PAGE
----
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Reid, S.A. (1969). “I Am Misanthropos”—A Psychoanalytic Reading of Shakespeare's “Timon of Athens”. Psychoanal. Rev., 56C(3):442-452.

(1969). Psychoanalytic Review, 56C(3):442-452

“I Am Misanthropos”—A Psychoanalytic Reading of Shakespeare's “Timon of Athens”

Stephen A. Reid

Timon of Athens has received little attention from the psychoanalytic critics, and what comment exists cannot be said to be satisfactory. The play is generally considered1 to be incomplete or unrevised. But this does not account for its neglect, for the play in its present form is generally considered2 to represent Shakespeare's intentions. It is unquestionably the singular nature of the subject that accounts for its neglect.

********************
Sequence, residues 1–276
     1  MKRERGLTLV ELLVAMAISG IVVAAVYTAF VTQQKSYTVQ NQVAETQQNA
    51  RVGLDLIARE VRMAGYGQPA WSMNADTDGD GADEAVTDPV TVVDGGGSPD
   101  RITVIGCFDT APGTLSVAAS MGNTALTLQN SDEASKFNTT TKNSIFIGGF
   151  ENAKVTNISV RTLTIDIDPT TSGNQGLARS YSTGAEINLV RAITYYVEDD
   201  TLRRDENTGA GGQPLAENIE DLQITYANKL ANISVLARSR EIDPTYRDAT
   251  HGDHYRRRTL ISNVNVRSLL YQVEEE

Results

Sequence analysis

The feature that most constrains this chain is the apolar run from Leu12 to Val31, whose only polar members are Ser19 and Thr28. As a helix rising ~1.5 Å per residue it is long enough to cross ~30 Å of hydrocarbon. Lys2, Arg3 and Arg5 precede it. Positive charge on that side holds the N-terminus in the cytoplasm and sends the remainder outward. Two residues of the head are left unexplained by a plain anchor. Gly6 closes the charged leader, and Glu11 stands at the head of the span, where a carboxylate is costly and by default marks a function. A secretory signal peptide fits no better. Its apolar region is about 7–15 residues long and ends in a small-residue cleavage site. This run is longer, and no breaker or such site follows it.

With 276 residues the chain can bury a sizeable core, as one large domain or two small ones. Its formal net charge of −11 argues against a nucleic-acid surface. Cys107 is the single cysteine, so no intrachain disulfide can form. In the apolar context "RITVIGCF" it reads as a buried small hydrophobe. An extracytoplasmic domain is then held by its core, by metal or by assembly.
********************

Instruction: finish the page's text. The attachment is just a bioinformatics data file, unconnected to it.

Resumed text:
The plot is the simplest Shakespeare utilized for the tragedies. It falls into two abruptly different parts. In the first part, Timon is presented as the most beneficent of men. He gives-feasts and gifts-continually, and he is deliriously happy in doing so. Throughout this part, he is warned by his steward that he is bankrupting himself, and by a friend, Apemantus, that his beneficence is misguided-that he is scorned, not loved, by those he feeds. Timon ignores both warnings. Finally, he is bankrupt, but confident that those whom he benefited will now help him. They do not, and the creditors come forth. Moved to rage, he gives one final feast. As his guests sit to eat, Timon tells them to uncover the closed dishes, which contain only warm water. He screams at them: “Uncover, dogs, and lap!” and storms out to the nearby woods.

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